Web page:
What is a Dangerous Goods Note?

A Dangerous Goods Note (DGN) is a shipping document used during international trade activities. It concerns the logistics associated with handling and transporting your cargo, which is classified by the UN Model Regulations as hazardous or dangerous under the Dangerous Goods Emergency Action Code List (EAC).

When is a DGN used?

It MUST be created when you are sending dangerous goods overseas. You don’t need to create a DGN if your goods are NOT classified as dangerous, in which case you MUST create a Standard Shipping Note (SSN). The DGN is further classified into two modes of transport methods:

  • Surface: Use a Dangerous Goods Note
  • Air: Use an IATA Dangerous Goods Declaration

In the event that your goods are spilled, exposed or unpacked and the result will create a hazard to people, wildlife or the environment, then a DGN must accompany the goods. Flammable liquids, such as whiskey and some wines and spirits, i.e. having alcoholic content, are an explosive risk and must be accompanied with a dangerous goods note.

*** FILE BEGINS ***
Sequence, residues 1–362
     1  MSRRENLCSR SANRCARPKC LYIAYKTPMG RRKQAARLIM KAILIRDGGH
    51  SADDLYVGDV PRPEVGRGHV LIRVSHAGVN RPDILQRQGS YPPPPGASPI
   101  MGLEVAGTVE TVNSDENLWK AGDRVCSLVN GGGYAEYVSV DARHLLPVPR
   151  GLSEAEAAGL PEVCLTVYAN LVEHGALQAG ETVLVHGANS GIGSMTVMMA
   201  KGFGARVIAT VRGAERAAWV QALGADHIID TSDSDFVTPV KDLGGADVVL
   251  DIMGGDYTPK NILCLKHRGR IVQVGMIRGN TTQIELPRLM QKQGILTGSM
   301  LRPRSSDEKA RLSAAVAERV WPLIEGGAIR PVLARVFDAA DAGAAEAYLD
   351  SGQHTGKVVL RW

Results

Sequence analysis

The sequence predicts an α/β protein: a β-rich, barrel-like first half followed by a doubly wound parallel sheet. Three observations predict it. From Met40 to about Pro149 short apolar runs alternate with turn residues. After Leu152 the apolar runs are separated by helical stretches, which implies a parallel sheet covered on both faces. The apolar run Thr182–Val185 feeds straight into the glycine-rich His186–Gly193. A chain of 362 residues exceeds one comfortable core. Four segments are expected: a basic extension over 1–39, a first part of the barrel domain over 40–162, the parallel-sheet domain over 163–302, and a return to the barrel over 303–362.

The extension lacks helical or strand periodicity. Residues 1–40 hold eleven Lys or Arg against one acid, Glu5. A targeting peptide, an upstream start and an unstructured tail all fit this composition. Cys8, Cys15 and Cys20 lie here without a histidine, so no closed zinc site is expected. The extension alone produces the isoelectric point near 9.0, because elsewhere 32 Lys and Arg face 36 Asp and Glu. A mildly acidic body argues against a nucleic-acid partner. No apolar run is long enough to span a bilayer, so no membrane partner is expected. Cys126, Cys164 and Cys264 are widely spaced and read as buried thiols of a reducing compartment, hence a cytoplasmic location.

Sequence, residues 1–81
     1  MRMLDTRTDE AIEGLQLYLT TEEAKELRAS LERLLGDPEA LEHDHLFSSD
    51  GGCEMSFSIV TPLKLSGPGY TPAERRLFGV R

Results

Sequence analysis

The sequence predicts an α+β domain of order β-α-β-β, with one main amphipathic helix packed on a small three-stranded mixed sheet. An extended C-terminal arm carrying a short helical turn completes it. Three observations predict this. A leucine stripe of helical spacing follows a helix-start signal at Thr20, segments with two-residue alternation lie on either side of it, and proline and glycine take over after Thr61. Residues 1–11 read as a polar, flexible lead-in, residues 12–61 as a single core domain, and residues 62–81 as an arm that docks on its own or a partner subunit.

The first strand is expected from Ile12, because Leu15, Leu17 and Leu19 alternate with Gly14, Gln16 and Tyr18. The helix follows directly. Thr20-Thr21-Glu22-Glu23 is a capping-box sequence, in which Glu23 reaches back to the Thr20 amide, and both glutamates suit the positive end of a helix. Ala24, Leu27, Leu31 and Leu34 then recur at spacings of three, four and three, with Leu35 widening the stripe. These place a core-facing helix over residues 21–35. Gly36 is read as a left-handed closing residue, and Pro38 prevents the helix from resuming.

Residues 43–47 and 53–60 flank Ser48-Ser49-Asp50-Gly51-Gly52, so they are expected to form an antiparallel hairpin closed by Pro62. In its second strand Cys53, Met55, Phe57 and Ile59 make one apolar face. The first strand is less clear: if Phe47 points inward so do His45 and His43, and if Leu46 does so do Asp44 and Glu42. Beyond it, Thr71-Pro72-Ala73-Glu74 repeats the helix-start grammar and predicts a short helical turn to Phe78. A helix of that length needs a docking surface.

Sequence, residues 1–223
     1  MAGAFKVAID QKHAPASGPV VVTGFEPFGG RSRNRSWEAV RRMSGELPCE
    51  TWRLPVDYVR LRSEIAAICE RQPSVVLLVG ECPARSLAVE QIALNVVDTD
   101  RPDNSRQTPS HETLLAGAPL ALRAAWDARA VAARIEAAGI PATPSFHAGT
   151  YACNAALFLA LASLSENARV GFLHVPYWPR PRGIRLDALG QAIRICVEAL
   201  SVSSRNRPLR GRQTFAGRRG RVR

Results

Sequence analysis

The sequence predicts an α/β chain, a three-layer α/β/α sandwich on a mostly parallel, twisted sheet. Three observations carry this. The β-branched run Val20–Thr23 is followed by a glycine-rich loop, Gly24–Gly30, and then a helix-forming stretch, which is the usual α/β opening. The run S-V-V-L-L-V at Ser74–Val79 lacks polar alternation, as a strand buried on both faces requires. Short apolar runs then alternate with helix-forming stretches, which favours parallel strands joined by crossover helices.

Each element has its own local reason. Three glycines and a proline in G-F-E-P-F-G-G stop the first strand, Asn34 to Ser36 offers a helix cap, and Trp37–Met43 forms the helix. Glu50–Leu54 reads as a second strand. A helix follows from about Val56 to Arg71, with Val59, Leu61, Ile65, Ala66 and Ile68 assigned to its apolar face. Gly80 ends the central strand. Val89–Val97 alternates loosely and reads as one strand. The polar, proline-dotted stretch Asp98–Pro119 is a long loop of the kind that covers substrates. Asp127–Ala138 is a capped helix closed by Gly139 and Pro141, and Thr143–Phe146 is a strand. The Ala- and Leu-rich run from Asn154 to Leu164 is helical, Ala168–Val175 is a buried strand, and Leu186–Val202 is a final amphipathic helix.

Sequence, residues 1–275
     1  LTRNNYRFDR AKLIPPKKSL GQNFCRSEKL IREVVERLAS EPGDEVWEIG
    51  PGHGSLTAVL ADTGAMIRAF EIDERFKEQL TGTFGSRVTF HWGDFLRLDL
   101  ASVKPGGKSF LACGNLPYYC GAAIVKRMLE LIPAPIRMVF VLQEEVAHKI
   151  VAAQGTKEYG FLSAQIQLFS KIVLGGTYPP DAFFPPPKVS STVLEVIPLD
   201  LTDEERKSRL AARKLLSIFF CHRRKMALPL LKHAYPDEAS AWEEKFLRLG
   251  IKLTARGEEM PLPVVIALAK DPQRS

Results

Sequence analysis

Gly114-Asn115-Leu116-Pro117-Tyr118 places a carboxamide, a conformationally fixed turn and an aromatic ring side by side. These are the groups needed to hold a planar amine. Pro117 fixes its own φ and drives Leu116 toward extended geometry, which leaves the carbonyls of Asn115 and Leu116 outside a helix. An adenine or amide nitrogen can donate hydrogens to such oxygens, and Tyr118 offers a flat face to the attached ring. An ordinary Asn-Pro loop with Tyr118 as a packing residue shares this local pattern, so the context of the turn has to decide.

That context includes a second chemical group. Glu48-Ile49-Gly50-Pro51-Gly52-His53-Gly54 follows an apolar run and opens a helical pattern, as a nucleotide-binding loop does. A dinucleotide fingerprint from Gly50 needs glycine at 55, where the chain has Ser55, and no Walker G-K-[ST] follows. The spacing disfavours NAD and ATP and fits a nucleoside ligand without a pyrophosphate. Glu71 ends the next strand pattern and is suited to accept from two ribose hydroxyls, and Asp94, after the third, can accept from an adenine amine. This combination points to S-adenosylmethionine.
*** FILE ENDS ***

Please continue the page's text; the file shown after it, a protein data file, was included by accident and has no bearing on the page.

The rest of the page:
Why do I need a Dangerous Goods Note?

You need a DGN to inform or pre-inform the:

  • Logistics and freighting companies on how to handle, store and transport the goods
  • Port Authorities of the hazardous nature of your goods
  • Customs and Receiving Authorities on how to treat the cargo
  • Emergency Services on what remedies to apply in case of an accident

Financial incentive in using a DGN

Having a DGN has a financial incentive, because informing or pre-informing the necessary parties of the dangerous nature of your cargo, will save you time and money in the processing your goods.

Where can I get a Dangerous Goods Note?

You can get your logistics firm or freight forwarder to provide you with a blank template of the Dangerous Goods Note form. Just make sure it’s the UN aligned format. Alternatively you can download a free DGN template here:  DGN template .

Additionally, you can use an online solution such as www.edgectp.com to help you generate paper and electronic versions, just remember to use the free 30 day free trial to see how you get on first.